“If this becomes an issue in the future, I will not be treating anyone with COVID-19 without the correct level of PPE – or expecting anyone else on the team to.”

We have to consider whether these updated recommendations represent an erosion of PPE standards. PPE shortages mean those delivering care to NHS patients may have to make difficult decisions, balancing the safety of patients against their personal safety and that of other staff, those they return home to after work and future patients. The College’s first responsibility is to patients and to our members who care for them. We support our members in acting in compliance General Medical Council guidance on decisions as to whether or not to provide care faced with a particular set of circumstances.2

2. COVID-19 testing – the Government’s commitment to increase testing capacity to 100,000 tests every day by the end of April is vital to developing a greater understanding of the scope of the infection.3 We further welcome NHS England’s confirmation that the testing offer will be expanded to a wider group of NHS staff and household members, including those outside of acute care.4

“The hospital denied my request to do the test despite having mild shortness of breath.”

However, with a limited supply of COVID-19 tests they must be prioritised in a way that best mitigates spread of the disease. And, with 17% of anaesthetists having had to self-isolate because of suspected COVID-19, rising to nearly a quarter (24.1%) when including confirmed cases, the sooner anaesthetists are tested, the sooner those who are negative can return to the frontline, treating their patients and supporting their colleagues.

“We are treating all patients as COVID-19 positive. So, all operations are done in surgical masks and aprons, and suspected and positive patients are intubated with FFP3, visors, gloves, long sleeved gowns. This is undoubtedly slowing our efficiency enormously, impairs communication, and is very uncomfortable.”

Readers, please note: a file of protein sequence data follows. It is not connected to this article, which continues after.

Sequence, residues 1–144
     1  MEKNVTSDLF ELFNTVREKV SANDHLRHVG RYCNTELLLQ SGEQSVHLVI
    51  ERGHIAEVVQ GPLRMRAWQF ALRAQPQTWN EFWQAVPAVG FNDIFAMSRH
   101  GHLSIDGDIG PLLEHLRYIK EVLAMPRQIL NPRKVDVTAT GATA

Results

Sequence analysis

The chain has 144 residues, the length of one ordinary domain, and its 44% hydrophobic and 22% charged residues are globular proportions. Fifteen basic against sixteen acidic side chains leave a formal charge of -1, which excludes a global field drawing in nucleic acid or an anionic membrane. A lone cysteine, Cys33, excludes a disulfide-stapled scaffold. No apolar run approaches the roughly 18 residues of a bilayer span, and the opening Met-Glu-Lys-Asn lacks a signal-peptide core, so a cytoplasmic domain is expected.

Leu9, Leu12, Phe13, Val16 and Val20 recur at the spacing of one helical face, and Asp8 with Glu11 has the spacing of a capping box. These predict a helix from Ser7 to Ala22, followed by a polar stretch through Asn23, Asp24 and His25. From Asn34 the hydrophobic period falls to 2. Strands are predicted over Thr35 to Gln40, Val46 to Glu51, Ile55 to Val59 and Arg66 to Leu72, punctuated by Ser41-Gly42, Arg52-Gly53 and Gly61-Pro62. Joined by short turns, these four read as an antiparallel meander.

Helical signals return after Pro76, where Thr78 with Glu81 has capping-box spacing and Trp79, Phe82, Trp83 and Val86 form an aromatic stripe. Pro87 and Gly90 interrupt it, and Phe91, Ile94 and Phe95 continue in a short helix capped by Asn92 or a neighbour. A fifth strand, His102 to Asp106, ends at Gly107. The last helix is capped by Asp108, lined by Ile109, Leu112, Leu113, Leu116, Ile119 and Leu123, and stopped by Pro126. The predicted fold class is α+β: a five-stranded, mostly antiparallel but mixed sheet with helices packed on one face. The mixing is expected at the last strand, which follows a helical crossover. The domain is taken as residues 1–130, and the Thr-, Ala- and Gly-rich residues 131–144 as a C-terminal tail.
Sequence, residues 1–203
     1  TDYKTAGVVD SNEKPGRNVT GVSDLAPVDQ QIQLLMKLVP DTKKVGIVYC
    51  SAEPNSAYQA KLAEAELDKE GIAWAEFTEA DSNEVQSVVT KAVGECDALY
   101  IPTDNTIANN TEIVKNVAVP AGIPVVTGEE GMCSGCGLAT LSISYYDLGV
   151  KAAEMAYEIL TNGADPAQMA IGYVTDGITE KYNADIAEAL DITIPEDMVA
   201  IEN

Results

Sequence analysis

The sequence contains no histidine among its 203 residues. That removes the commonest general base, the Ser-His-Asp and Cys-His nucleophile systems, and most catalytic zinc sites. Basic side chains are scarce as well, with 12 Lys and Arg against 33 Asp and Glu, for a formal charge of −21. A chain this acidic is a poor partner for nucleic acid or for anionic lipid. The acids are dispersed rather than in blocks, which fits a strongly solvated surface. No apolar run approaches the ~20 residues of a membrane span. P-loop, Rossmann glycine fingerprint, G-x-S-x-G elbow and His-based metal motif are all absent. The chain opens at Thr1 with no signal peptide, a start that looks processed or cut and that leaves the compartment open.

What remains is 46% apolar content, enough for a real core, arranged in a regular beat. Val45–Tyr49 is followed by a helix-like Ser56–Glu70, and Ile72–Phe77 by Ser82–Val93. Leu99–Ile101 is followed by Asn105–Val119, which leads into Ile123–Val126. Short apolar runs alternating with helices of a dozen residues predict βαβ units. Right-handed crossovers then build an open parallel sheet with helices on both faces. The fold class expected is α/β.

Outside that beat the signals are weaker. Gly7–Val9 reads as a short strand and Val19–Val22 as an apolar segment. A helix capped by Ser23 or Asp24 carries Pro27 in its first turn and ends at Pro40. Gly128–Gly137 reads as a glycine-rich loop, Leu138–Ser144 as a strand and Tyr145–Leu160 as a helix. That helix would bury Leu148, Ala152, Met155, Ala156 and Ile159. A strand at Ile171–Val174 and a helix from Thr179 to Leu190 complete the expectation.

Increased levels of testing is the second highest priority that our members have told us about (58%), after PPE. In this context, we underscore that at time of writing, almost four in ten anaesthetists (38%) are currently unable to access the testing they need for themselves, while more than half (51%) don’t have the testing they need for household members, and over one in five (22%) are unable to access the testing they need for their patients.


3. Supply of anaesthetic drugs – Various drugs commonly used in anaesthesia are under supply pressure due to increased demand driven by the COVID-19 pandemic. On 2 April, the Secretary of State for Health and Social Care outlined that the Government has a “very detailed plan for making sure that we have the full supply of medicines, including sedatives and all the medicines needed for those who have COVID-19 and people being ventilated.5

The College welcomes the Secretary of State’s confidence that the UK has “the supplies of medicines that are needed”. However, while almost four fifths of anaesthetists are currently able to access the anaesthetic drugs they need, at time of writing more than one in ten (13.7%) do not have access to all the usual drugs; and nearly four in ten (39.1%) are not confident that they will have sufficient supply over the next month. 


To manage additional demand, the Royal College of Anaesthetists, Association of Anaesthetists, Faculty of Intensive Care Medicine, Intensive Care Society and UK Clinical Pharmacy Association have worked closely with the Chief Pharmaceutical Officer at NHS England to publish clinical guidance summarising potential mitigations.6 Departments of anaesthesia and intensive care are currently collaborating with each other and with pharmacists to ensure drugs are prioritised appropriately across the two areas.

4. Urgent and acute, non-COVID-19 patients – The NHS has redirected staff and resources, with Trusts postponing “all non-urgent elective operations from 15 April at the latest for at least three months”.3 As intensive care capacity has increased, many anaesthetists have been redeployed into ICUs and, in the last month, four in ten (42.86%) have worked outside their usual area of practice.